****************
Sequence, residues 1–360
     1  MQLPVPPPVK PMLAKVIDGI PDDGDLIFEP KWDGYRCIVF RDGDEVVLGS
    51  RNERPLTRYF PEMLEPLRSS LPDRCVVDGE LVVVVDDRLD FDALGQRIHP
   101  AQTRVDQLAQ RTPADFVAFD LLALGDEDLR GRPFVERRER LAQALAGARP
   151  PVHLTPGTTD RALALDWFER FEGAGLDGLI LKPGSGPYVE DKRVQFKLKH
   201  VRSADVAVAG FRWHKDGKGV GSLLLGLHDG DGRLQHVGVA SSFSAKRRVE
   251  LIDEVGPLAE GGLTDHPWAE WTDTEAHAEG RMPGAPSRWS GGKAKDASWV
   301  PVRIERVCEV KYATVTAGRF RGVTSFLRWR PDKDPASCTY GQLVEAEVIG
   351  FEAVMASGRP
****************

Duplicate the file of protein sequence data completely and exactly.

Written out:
Sequence, residues 1–360
     1  MQLPVPPPVK PMLAKVIDGI PDDGDLIFEP KWDGYRCIVF RDGDEVVLGS
    51  RNERPLTRYF PEMLEPLRSS LPDRCVVDGE LVVVVDDRLD FDALGQRIHP
   101  AQTRVDQLAQ RTPADFVAFD LLALGDEDLR GRPFVERRER LAQALAGARP
   151  PVHLTPGTTD RALALDWFER FEGAGLDGLI LKPGSGPYVE DKRVQFKLKH
   201  VRSADVAVAG FRWHKDGKGV GSLLLGLHDG DGRLQHVGVA SSFSAKRRVE
   251  LIDEVGPLAE GGLTDHPWAE WTDTEAHAEG RMPGAPSRWS GGKAKDASWV
   301  PVRIERVCEV KYATVTAGRF RGVTSFLRWR PDKDPASCTY GQLVEAEVIG
   351  FEAVMASGRP